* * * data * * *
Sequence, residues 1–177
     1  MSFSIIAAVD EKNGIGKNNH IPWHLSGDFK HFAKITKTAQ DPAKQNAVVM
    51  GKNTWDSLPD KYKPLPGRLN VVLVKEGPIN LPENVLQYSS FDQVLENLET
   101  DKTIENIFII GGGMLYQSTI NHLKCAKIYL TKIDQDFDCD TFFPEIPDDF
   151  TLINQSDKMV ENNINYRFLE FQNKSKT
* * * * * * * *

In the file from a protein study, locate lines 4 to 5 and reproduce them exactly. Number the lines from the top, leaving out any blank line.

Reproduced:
   101  DKTIENIFII GGGMLYQSTI NHLKCAKIYL TKIDQDFDCD TFFPEIPDDF
   151  TLINQSDKMV ENNINYRFLE FQNKSKT